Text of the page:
Sunday, March 29, 2015

I'd like to buy a vowel, Pat

This week the Premier Crossword by Frank Longo is entitled "Vowels On Vacation" and it was apparent very early on what that meant - Frank had come up with some nifty long theme answers and then removed all of the vowels before he put them in the grid. Entering the answers required some mental gymnastics that made solving the puzzle harder, but in a fun way. Frank had helpfully furnished the missing vowels in the clues, so the challenge became inserting them among the consonants already in place from the crosswords to form meaningful answers to fit the clues. The resulting grid is, to put it mildly, very bizarre looking and populated with vowelless gibberish but it certainly provided a unique solving experience. I thought it was an interesting challenge and managed to produce an almost pristine completed puzzle, but I can imagine some solvers might have found it frustrating. I suppose you could look at the completed answers and still not know what the whole phrase is, so here's the list:

23a - FILED FOR BANKRUPTCY (Took a big step to relieve debt)
34a - PSYCHO-ACTIVE DRUGS (Mind altering chemical substances)
51a - PILLSBURY BAKE-OFF (Cooking contest since 1949)
53a - MOLECULAR PHYSICS (Study of bonds between atoms)
73a - ULYSSES SIMPSON GRANT (President before Rutherford Birchard Hayes)
90a - DOCUMENTARY FILMS ("Sicko" and "Super Size Me", e.g.)
92a - SYNDICATED COLUMN ("Dear Abby" is one)
111a-HIGHLY SOUGHT AFTER (In great demand)
126a-ROCKY AND BULLWINKLE (Thwarters of Boris Badenov)

OK, I did not notice until I typed those answers that in every instance the answers are missing not just random vowels, but one of each vowel, AEIOUY. That, my puzzle-solving friends, is a thing of beauty. That ramps my love of the puzzle and respect of the constructor up a couple of notches - that could not have been easy to accomplish.

I learned a few things from solving this puzzle, chief among them that it is very difficult when writing in an answer to resist the temptation to write in ALL of the letters, not just the consonants. A couple of times I found myself on the brink of writing in a vowel but managed to stop in time. Historically speaking, I had no idea what U.S. Grant's middle name was so when I checked my answer after I finished the puzzle I came away thinking that Frank might have taken just a tiny bit of liberty with that answer: "President Grant’s real name was Hiram Ulysses Grant. At the age of 17, he secured a nomination to the U.S. Military Academy at West Point through his Congressman, Thomas Hamer. Apparently confused with Grant’s mothers maiden name of Simpson, Hamer mistakenly nominated him as Ulysses S. Grant. The academy would not accept any name other than what was on the nomination form so Grant adopted the new name as his own. Contrary to what some may believe, the S. does not stand for anything at all." [Source:"] I'll leave it to the historians among you to debate that issue, I was just happy that the crosswords provided the missing letters that I needed. 

Concentrating on writing the theme answers correctly took so much concentration that I hardly had time to notice the short fill and looking back on the completed puzzle I don't see anything especially remarkable.  There were two areas in the grid that caused me some temporary grief owing to my ignorance of pop-culture proper names. At the top-center section YAN and MIRO both crossing ALISON had me holding my breath (INCUS was no help, either). Then in the bottom-right corner the NOLL/LILI/ELWES smash-up left me wondering if my guesses were correct and luckily they were.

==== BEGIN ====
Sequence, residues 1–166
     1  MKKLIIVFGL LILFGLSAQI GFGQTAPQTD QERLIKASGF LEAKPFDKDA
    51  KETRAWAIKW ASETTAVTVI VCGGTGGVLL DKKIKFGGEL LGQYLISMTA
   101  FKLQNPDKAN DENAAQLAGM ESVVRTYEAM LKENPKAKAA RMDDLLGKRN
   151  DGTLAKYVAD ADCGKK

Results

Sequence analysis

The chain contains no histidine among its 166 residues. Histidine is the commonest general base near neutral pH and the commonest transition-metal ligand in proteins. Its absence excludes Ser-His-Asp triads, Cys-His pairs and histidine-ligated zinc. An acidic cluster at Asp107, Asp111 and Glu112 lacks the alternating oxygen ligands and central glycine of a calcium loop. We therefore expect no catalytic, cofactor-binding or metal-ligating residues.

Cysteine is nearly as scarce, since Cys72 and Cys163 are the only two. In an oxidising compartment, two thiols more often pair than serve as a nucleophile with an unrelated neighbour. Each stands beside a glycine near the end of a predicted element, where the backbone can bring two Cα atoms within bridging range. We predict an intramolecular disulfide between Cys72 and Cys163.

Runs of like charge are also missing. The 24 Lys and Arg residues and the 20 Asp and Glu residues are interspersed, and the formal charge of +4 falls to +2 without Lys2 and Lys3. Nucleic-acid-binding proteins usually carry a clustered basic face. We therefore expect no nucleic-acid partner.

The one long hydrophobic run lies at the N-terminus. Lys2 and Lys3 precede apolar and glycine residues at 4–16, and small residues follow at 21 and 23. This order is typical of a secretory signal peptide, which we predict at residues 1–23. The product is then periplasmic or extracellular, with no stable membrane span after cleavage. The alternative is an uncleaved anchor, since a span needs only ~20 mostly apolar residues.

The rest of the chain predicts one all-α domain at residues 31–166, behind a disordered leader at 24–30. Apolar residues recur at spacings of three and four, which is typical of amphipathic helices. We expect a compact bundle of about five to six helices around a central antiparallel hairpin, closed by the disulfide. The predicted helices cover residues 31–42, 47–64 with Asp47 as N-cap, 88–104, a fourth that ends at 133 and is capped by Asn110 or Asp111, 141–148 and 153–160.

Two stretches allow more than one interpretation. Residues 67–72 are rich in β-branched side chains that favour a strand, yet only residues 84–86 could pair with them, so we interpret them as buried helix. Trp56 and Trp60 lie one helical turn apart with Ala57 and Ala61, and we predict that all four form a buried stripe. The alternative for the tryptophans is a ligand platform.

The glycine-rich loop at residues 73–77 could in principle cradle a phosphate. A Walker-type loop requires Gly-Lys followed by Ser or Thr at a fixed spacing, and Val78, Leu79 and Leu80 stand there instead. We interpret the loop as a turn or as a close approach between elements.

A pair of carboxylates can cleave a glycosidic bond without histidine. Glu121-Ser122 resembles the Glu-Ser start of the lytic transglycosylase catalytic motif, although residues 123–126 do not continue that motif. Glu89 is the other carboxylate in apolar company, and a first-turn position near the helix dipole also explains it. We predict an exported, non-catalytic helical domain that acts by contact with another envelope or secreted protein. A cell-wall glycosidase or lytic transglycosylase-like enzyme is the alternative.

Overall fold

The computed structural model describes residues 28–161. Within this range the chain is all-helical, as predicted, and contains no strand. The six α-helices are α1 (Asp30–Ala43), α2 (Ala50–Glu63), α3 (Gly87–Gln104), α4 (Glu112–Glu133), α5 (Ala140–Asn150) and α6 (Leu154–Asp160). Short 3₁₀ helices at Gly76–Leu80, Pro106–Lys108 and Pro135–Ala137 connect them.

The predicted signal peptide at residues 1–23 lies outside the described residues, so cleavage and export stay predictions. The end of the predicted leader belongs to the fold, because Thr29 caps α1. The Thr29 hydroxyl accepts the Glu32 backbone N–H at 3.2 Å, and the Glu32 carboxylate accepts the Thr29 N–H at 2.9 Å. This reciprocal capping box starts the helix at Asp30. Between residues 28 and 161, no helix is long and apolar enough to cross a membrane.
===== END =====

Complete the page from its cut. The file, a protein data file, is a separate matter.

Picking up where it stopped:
My only write-over came at AbLAzE/AGLARE and it took some head-scratching to get that sorted out, especially with a no-vowel theme answer involved, but eventually my one geography-related brain cell kicked in to produce ERITREAN and all's well that ends well.

"Joan of art" (8d) and "Joan of Arc" (18d) appearing together was a cute touch, I think, and sticking some random vowels (EIEIO - 101a) among all the vowelless answers was a crafty touch.

The bottom line of the grid is almost LYRICAL (100d):  LES ETTE ELYSEE ASONG,  which reminds me of this:

With that I'll bid you "au revoir" (BYE - 128d) until next week.


  1. Hey there. Very glad you liked this one. and eventually discovered that all the vowels appeared once and only once in each theme answer!

    On Ulysses "Simpson" Grant, I don't know the whole story, but that website's claim "Contrary to what some may believe, the S. does not stand for anything at all" seems suspect. Four different standard, current, reliable print dictionaries that I just now checked all give his full name as "Ulysses Simpson Grant" without qualification. (They do also give his original birth name as "Hiram Ulysses Grant"). Those dictionaries, for what it's worth, are Random House Unabridged 2, New Oxford American Dictionary, American Heritage 5, and Webster's New World 5.


    --Frank Longo

    1. Frank (may I call you that?), thank you so much for your comment - I've been following you(and/or Frank A. Longo, whoever that is) long enough to know that questioning the accuracy of your clues is risky business, but when my quick google search returned the citation indicating the "S" had no significance I thought it was worth at least a tongue-in-cheek mention. I gladly yield on the point as your sources seem unimpeachable (although "" sounds pretty authoritative, too). Unrelated to that but in a strange case of synchronicity, today's syndicated NYT puzzle by Jeremy Newton included "NCAA" in the grid, clued as "Final Four org." which is eerily close to your Final Four inits" - great minds and all that, I guess. Again, thanks for the comment, and "Cheers" to you, too.

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